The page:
The last five trading days have seen the bulls pull the precious metal back above the $1300 level, but will it last?
The correlation between negative outlooks for economic regions and the gold price has become increasingly fragmented, and arguably ahead of tomorrow’s quarterly EU GDP figures that is a good thing. ECB President Mario Draghi has been overly bullish for some time, but this set of figures could well back up that optimism and as such paint a rosier picture for the eurozone. Previously it would have been more than likely for an upturn in the EU to affect gold negatively, but this is far less certain now.
The sceptics would point to a considerably quieter market and speculate that, once a larger volume of day trading returns, we are more likely to see a return to the bearish trend that has been prevalent over the last ten months.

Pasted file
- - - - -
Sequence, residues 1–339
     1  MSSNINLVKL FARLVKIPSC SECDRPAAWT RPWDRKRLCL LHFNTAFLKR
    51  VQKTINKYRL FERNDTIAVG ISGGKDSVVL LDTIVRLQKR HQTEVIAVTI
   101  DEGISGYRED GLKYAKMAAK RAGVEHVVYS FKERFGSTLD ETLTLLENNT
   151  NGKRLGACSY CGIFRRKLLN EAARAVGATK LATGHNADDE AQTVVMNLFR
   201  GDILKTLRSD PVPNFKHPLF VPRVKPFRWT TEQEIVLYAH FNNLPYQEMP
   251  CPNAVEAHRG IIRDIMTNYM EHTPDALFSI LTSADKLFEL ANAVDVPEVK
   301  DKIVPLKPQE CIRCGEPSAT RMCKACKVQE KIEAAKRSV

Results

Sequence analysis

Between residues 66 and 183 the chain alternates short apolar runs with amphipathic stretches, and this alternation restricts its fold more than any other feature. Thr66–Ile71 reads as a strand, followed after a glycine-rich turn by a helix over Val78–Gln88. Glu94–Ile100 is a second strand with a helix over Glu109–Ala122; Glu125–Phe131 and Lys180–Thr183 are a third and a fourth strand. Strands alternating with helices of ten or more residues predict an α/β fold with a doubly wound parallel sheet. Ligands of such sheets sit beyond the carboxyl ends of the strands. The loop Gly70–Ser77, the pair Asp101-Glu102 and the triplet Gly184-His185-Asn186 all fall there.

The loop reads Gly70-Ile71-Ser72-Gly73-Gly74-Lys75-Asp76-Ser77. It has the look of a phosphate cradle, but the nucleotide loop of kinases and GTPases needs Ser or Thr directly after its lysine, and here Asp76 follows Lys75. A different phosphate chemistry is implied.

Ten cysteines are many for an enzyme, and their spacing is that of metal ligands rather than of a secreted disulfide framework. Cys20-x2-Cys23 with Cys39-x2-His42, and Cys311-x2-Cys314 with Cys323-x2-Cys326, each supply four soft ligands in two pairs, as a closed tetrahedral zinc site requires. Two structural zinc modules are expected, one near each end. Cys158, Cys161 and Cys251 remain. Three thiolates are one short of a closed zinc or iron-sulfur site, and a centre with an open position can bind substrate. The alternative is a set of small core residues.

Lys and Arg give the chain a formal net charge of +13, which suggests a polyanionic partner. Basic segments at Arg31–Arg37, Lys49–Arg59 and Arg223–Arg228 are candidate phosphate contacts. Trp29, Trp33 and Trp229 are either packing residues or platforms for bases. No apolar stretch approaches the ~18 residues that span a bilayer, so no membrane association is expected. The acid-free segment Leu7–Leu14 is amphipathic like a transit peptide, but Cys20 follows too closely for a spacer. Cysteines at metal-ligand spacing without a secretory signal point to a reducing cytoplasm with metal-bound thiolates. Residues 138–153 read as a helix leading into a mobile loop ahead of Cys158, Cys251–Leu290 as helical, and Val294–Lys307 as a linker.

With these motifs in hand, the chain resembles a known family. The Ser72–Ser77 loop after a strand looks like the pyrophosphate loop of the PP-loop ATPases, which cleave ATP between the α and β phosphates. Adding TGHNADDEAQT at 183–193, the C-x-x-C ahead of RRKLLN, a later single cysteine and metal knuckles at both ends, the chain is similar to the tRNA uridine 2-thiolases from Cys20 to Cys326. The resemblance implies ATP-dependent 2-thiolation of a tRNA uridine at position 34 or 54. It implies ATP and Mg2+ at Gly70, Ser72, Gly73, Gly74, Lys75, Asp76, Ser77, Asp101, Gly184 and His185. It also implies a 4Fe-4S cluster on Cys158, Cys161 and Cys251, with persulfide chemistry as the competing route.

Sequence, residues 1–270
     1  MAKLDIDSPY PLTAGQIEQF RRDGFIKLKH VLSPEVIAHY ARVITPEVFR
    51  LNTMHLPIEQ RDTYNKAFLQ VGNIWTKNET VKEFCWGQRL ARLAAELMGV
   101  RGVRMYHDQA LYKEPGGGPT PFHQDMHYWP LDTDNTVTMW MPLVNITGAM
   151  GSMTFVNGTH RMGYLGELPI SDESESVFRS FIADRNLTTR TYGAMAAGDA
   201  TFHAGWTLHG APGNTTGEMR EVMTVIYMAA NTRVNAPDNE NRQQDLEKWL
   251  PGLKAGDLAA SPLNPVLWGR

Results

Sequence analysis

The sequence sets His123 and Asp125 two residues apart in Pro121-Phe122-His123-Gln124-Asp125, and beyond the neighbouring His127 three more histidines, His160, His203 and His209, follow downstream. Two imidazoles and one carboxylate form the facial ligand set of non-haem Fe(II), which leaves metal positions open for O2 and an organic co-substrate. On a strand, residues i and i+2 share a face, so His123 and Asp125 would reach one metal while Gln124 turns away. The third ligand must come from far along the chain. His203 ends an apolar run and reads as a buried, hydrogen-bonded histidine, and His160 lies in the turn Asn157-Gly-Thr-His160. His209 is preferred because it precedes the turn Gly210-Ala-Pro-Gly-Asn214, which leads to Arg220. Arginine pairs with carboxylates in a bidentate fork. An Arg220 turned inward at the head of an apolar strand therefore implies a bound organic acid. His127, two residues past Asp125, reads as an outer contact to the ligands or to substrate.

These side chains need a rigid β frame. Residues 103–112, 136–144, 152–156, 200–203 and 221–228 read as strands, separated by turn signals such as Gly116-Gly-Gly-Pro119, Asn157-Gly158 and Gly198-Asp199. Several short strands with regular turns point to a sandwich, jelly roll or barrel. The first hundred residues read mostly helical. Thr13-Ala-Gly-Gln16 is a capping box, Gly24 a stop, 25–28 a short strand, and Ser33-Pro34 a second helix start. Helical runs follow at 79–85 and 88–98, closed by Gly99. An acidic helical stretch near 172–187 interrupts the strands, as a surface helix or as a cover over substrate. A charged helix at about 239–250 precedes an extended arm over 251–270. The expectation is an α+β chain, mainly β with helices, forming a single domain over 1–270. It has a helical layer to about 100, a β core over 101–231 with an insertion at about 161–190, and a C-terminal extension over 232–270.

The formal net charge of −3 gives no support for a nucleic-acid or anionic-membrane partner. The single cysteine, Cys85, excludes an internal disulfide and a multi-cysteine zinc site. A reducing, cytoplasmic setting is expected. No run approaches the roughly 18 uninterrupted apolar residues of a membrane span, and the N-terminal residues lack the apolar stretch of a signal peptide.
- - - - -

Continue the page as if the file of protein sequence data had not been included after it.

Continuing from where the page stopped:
The big unknown remains the $20 billion-plus-worth of write-downs carried out by the major gold mining companies in the last quarter. We will see how much of this will work its way down to the underlying viability of their mines, and how many of these sites will be moth-balled. To date, the paper gold issued has been sufficient to satisfy the market’s demand, but if there were to be a squeeze in supply, could that kick-start the precious metal?